There is a user profile for every member of the site. Users can upload their own picture and fill in a couple of profile fields. These fields can be created by the site administrator and will allow connecting different users on the basis of their interests, location or field of work for example. The user profile has the same widget based approach, so that the user can decide what people see when they view their profile:
One of Elgg’s most celebrated features is the way that groups can be created inside the system. Users can start their own groups around projects or communities of practice. A group has their own files, forums, activity stream and pages and can have open or closed membership:
Every thing that is added by users to the system will allow multiple tags to be attached. These tags make finding relevant materials in the network very easy:
Finally the access controls make it a snap for users to share any of their materials with the world, their friends, a particular group of friends, a group in Elgg or to keep them private. You can set these permissions for anything, be it user profile information, uploaded files or blog posts:
All the other functionality inside Elgg is completely modular and can be turned on or off with a couple of clicks. The main modules that are relevant for businesses are:
- Each user can have their own blog. The blog is quite rich in functionality: it has comments, pingbacks can be installed and access to each post can be set.
- The files repository will allow the uploading of any file type. Files can have a description and tags and their level of access can be set. Image files get special treatment, automatically allowing them to be viewed in a gallery.
- Messaging comes in two forms. There is an internal messaging system allowing one to one private messaging and there is a facebook-like “wall” connected to the user profile page.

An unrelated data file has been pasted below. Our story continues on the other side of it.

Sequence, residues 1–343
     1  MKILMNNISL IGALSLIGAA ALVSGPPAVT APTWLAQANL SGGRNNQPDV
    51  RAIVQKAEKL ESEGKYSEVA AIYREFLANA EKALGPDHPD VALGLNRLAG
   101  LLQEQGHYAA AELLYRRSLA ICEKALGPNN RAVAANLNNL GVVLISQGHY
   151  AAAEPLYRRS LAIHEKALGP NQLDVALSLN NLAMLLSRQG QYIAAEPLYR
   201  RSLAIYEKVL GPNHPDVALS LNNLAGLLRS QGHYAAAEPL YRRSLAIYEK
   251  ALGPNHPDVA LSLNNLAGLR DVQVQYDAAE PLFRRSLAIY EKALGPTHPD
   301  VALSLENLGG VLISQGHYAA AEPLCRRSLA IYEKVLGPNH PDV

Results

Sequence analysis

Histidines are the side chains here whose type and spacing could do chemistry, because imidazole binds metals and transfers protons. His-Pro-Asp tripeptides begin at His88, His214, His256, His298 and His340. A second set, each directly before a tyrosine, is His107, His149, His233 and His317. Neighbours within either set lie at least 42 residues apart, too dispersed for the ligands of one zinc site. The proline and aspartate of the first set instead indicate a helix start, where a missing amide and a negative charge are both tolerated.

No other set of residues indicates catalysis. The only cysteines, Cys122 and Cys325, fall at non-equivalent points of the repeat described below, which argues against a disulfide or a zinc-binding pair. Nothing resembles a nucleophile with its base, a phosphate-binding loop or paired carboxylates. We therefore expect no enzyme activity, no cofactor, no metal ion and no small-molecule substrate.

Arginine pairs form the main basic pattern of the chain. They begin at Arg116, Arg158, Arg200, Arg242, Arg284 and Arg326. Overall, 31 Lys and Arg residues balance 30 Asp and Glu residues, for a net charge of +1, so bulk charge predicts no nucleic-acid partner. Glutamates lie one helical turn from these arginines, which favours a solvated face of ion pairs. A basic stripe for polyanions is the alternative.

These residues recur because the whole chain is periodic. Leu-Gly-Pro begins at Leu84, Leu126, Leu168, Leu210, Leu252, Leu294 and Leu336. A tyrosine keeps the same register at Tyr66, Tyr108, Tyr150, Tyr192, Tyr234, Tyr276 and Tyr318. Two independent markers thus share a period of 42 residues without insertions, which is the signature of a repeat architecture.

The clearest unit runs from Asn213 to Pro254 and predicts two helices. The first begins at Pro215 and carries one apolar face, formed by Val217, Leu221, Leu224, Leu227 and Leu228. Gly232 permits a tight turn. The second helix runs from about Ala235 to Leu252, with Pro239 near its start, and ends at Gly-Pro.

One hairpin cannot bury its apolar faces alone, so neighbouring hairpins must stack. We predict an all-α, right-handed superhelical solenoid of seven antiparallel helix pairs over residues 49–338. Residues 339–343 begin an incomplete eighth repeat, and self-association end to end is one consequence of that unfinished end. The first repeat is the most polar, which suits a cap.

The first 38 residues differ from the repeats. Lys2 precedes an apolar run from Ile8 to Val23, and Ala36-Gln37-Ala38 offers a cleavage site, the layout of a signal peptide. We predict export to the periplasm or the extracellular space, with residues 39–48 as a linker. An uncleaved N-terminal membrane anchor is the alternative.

- Elgg calls their wiki functionality “Pages”. It is a mix between a true wiki and a collaborative hierarchical web-page writing tool. Each page has separate access permissions for reading and for writing. A very simple revision history is kept.
- The social bookmarking tool (including a bookmarklet) allows users to store their favourite websites and share these with selected friends. Websites can be tagged of course.
- A user can easily update their status. Each status update is stored so that this can also function as a microblogging platform, especially in combination with the activity river which shows the most recent updates of your friends. There is a plugin that will push status updates to Twitter.
- Many information streams inside the Elgg installation have their own RSS feeds pushing the content to your feedreader of choice.
In the next social networking post I will try to build a business case for a tool like Elgg inside corporations. Why would it be useful to have this inside your business? I can imagine that you as a reader might have ideas of what could be the added value or maybe you have some examples of businesses that are already doing this. It would be great to get your input and feedback in the comments.